No-one seems clear what the video means. Nick Baxter-Moore wonders whether the rosary is "a symbol of her total absorption of religion, or of religion being rammed down her throat?" Klein, who made the video claims: "The religious symbolism is not meant to denote anything negative, but represents the character's battle between the dark forces of this world and the spiritual salvation of the Soul. Thus at the end of the film, she chooses to be a nun, and the reason her mouth and eyes disappear is because she is withdrawing her senses from the world of evil and going inward towards prayer and contemplation." No-one, apparently, is convinced. Popstar Katy Perry, also known for her sometimes lude lyrics, Tweeted: "Using blasphemy as entertainment is as cheap as a comedian telling a fart joke". Besides, Gaga sings elsewhere "Got no salvation, got no religion" ('Teeth').
Another noteworthy video was 'Telephone', which featured Beyoncé. It was rumoured to have been banned on MTV due to its nudity and presentation of lesbian eroticism, along with an S&M scene so extreme that it's passé. Even Beyoncé gets in on the act, dressing like Gaga and lurching around in skimpy outfits and huge hats. None of it has much to do with the song itself, which is a clever, insightful reflection on the persistent demands of a technologically saturated culture in which everyone is "busy". If anyone understands this, it is surely an in-demand celebrity like Beyoncé, who sings "I am sick and tired of my phone ringing. Sometimes I feel like I live in Grand Central Station".
The theme of celebrity is further explored in 'Paparazzi':
We are the crowd we're c-comin' out
Got my flash on it's true
Need that picture of you
It so magical we'd be so fantastical
[…] this photo of us it don't have a price
Ready for those flashing lights
'Cause you know that baby I
I'm your biggest fan I'll follow you until you love me
Despite being painfully aware of the ludicrous nature of celebrity stalking and desperate fans, Gaga seems happy to be happy with her fame. 'The Fame' presents her desire to be a celebrity as seductive and unavoidable:
I can't help myself
I'm addicted to a life of material
It's some kind of joke
I'm obsessively opposed to the typical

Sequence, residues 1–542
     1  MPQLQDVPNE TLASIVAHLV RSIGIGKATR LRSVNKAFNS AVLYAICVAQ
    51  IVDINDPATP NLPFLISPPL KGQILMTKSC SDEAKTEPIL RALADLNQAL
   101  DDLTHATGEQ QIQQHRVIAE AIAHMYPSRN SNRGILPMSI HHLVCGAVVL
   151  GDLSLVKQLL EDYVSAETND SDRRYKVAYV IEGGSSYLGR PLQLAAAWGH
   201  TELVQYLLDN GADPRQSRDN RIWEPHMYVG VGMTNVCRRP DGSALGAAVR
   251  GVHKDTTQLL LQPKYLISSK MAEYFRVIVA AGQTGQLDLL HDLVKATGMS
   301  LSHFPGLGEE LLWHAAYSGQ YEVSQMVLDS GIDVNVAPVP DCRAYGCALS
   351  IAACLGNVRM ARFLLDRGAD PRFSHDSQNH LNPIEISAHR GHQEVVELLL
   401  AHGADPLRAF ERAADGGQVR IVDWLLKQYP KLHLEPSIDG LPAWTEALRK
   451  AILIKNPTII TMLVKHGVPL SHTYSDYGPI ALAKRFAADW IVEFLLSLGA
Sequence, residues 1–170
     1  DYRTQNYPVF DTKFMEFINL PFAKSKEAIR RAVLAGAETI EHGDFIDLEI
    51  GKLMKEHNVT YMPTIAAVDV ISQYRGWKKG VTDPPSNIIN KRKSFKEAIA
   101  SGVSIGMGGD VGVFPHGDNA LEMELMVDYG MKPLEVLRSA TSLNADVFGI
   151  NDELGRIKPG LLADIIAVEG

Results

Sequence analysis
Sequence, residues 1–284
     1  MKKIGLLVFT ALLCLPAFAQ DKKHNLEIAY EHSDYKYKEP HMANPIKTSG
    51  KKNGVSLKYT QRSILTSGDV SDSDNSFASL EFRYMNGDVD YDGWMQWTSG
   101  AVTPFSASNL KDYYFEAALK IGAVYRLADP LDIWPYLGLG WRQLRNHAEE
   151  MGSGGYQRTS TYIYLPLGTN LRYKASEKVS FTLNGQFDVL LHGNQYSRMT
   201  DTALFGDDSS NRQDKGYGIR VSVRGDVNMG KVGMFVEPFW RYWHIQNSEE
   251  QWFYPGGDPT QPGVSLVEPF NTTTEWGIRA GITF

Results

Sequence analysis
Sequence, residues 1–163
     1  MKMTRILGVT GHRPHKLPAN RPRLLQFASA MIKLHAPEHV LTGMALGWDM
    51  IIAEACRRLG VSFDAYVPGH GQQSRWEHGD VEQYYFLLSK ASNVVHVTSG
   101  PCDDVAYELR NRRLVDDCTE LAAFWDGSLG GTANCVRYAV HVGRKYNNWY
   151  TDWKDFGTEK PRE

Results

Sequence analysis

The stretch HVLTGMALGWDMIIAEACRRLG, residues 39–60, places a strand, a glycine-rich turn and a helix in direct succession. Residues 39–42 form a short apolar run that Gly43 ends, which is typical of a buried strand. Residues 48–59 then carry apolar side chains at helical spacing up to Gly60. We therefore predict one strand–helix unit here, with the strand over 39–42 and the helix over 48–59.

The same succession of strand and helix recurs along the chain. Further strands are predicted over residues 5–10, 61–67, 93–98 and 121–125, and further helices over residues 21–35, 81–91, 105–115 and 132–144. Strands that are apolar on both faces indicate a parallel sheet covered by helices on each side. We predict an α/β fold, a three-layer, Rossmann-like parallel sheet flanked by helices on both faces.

All we care about is runway models
Cadillacs and liquor bottles
Give me something I wanna be
Retro glamour Hollywood, yes, we live for the
Fame, doin' it for the fame
'Cause we wanna live the life of the rich and famous
Fame, doin' it for the fame
'Cause we gotta taste for champagne and endless fortune.
Elsewhere, she claims "It's good to live expensively" (Money Honey), but that she doesn't need money from anyone else: "Don't want no money, just want your sex" ('Teeth').
'Teeth' is the final song on the second album and whilst it maintains many of the obsessions of earlier songs (monsters, bondage), Gaga confesses "I've got no direction", only "got my addiction". She calls out:
Tell me something that will save me,
I need a man who makes me alright.
Tell me something that'll change me.
Until someone does, she will presumably keep on changing her hairstyle daily, writing music and shooting shocking music videos. Stock certainly tried to suggest a few changes: "It only takes somebody to stand up and say, 'Excuse me can you think about this a bit more?' That's all I'm doing." But Gaga doesn't seem interested: "I don't wanna think anymore. I left my head and my heart on the dance floor" ('Telephone').
 #4, The Celebrity 100, Forbes
 'Children "at risk from pop charts porn": Top producer Mike Stock blasts his own industry', The Daily Mail, 11th August 2010
 'Lady Gaga dedicates her new "Little Monsters" tattoo to her fans', NY Daily News, 3rd February 2010
 'Who's most offended by Lady Gaga's Alejandro?', The Guardian, 9 June 2010
 'Parsing the new Lady Gaga video', The Mark, 11 June 2010
 'Lady Gaga's 'Alejandro' Director Defends Video's Religious Symbolism', MTV News, 9 June 2010
 Katy Perry's Twitter page, 8 June 2010
 Quoted in 'Kylie Minogue songwriter Mike Stock: "Lady Gaga is just a pole dancer"', NME, August 11th 2010
Author: Rachel Helen Smith
© Copyright: Rachel Helen Smith